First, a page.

Thursday, April 27, 2006

Lynching Capitalism

Teaching U.S. history is sometimes a satisfying experience, never more so when you find a hook that works and you see in the eyes of the students a dawning recognition that the past was a freaking nasty place. Patriotism being what it is these days, an insidious virus of banality and acquiescence to the lowest common denominator, there's a fair amount of pushback built into every survey class like the one I teach, and that makes for a few openly confrontational students who have swallowed the Fox News mind pill and inserted the Bill O'Reilly American Imperium celebratory butt plug. Actually I sort of relish their agitprop, and their squinty W-esque smugness.

Regardless, the hardest thing to do, sort of a natural impossibility I believe, is to get modern Americans to empathize with their proto-modern ancestors who lived in a world of raw indignity and injustice. Last night I took a wild run at trying to get them to conceptualize Progressive Era capitalism as an oddity as equivalent to their lived experience in the modern economy as lynching seems to their racial mentality. After a lovely description of an actual lynching, spiced up with a dollop of feminist irony (the first woman Senator in history, Rebecca Latimer Felton, was an advocate of the practice) I suggested that the fear and loathing they were experiencing was an appropriate emotion in its distance to their understanding of early capitalism. Sure, I could suggest they read Upton Sinclair's The Jungle but this turned into a irresistible shortcut. Finishing the demonstration with a tangential shift into globalization and the exporting of our dirtiest economic exploitations offshore (did slave labor make your shirt or put that diamond on your finger?) you could fairly see the clicking go off in brain after brain, that dawning recognition that makes teaching worth the effort. And as the cynic, actually the sharpest knife in the drawer, went for the bait and was hooked too by the realization that yes indeed, the working life of the working stiff in the past was a capital lynching indeed I could afford myself one clean breath for having not wasted their time on a cool night in History 110.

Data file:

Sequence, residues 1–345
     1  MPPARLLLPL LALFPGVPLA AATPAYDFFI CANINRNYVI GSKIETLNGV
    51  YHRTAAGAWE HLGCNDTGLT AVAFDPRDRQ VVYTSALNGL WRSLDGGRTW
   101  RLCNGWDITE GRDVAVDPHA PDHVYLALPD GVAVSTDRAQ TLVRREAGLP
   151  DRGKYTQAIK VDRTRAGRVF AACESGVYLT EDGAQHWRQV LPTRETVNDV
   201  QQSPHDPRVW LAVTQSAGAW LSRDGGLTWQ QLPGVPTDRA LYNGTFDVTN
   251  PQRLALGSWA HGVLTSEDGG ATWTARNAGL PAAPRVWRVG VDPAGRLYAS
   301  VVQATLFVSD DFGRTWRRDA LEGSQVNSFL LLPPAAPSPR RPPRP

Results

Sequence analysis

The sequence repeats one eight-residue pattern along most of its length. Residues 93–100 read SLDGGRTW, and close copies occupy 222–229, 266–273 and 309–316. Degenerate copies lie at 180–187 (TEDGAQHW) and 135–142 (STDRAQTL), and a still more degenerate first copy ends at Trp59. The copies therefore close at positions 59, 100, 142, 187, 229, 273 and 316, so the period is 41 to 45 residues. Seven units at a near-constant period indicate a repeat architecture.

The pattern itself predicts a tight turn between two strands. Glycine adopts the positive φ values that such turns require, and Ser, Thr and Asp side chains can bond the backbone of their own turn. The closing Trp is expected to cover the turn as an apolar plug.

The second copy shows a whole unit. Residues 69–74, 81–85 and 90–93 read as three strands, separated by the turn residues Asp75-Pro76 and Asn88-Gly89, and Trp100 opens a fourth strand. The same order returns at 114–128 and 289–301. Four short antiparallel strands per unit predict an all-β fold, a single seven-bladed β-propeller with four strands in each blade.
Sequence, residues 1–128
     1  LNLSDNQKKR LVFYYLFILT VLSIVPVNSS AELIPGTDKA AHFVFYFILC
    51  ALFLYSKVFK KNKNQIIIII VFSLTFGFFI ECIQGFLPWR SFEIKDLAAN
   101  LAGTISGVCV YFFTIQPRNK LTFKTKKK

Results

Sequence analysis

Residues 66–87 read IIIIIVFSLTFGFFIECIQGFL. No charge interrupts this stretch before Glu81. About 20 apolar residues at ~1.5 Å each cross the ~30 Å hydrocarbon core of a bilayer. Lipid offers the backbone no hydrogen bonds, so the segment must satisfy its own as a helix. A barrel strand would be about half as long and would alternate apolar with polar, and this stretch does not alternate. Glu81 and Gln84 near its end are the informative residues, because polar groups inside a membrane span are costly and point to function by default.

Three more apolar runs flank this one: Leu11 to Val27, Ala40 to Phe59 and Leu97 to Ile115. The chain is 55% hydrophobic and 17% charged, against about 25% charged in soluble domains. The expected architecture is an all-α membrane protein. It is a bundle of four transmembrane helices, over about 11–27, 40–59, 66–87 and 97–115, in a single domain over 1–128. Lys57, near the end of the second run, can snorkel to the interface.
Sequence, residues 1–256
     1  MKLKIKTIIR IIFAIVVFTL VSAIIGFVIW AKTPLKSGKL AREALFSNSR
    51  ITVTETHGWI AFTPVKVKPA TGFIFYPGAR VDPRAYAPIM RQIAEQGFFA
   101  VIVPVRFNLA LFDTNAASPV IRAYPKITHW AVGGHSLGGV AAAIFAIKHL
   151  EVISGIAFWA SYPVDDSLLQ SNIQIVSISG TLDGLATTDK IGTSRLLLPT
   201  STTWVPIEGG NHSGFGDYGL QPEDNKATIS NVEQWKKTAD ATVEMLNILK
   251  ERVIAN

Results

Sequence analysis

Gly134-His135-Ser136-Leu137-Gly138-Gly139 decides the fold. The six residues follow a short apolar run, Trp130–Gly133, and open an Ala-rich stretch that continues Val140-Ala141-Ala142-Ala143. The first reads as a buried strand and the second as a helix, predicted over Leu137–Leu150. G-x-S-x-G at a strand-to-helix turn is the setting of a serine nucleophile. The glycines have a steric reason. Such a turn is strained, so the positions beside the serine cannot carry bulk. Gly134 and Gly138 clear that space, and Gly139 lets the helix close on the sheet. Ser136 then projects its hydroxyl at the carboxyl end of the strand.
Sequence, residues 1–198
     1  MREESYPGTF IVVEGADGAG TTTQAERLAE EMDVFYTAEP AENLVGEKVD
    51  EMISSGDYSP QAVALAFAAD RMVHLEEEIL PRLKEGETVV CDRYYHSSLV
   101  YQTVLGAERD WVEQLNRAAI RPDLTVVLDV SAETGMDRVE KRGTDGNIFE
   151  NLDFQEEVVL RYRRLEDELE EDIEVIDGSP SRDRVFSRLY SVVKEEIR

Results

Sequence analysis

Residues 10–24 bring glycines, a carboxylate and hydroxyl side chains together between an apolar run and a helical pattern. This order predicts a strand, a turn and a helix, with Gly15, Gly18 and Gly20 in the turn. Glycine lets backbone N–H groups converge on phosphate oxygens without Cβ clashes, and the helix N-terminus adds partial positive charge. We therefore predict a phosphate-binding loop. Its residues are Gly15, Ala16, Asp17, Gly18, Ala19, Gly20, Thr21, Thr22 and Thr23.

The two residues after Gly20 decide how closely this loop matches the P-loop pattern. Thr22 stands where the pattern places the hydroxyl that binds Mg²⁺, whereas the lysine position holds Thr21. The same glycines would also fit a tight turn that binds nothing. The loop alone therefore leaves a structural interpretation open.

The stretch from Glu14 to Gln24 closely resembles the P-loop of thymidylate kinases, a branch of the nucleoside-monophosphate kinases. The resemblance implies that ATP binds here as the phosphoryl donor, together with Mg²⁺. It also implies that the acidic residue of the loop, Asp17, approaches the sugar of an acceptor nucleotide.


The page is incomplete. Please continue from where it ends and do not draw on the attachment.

1 comment:

ibfamous said...

very little of our forefather's experience translates to the present. leaving your home to shape a new life in the face of insurmountable odds - my god haven't we built a fence to keep them out yet? - sacrifice - that's for the next guy - freedom? hard to live free when your neighbors new addition is crossing your property line. oh yeah, now i remember what translates... those who wrote the documents just wanted what they wanted, nothing more.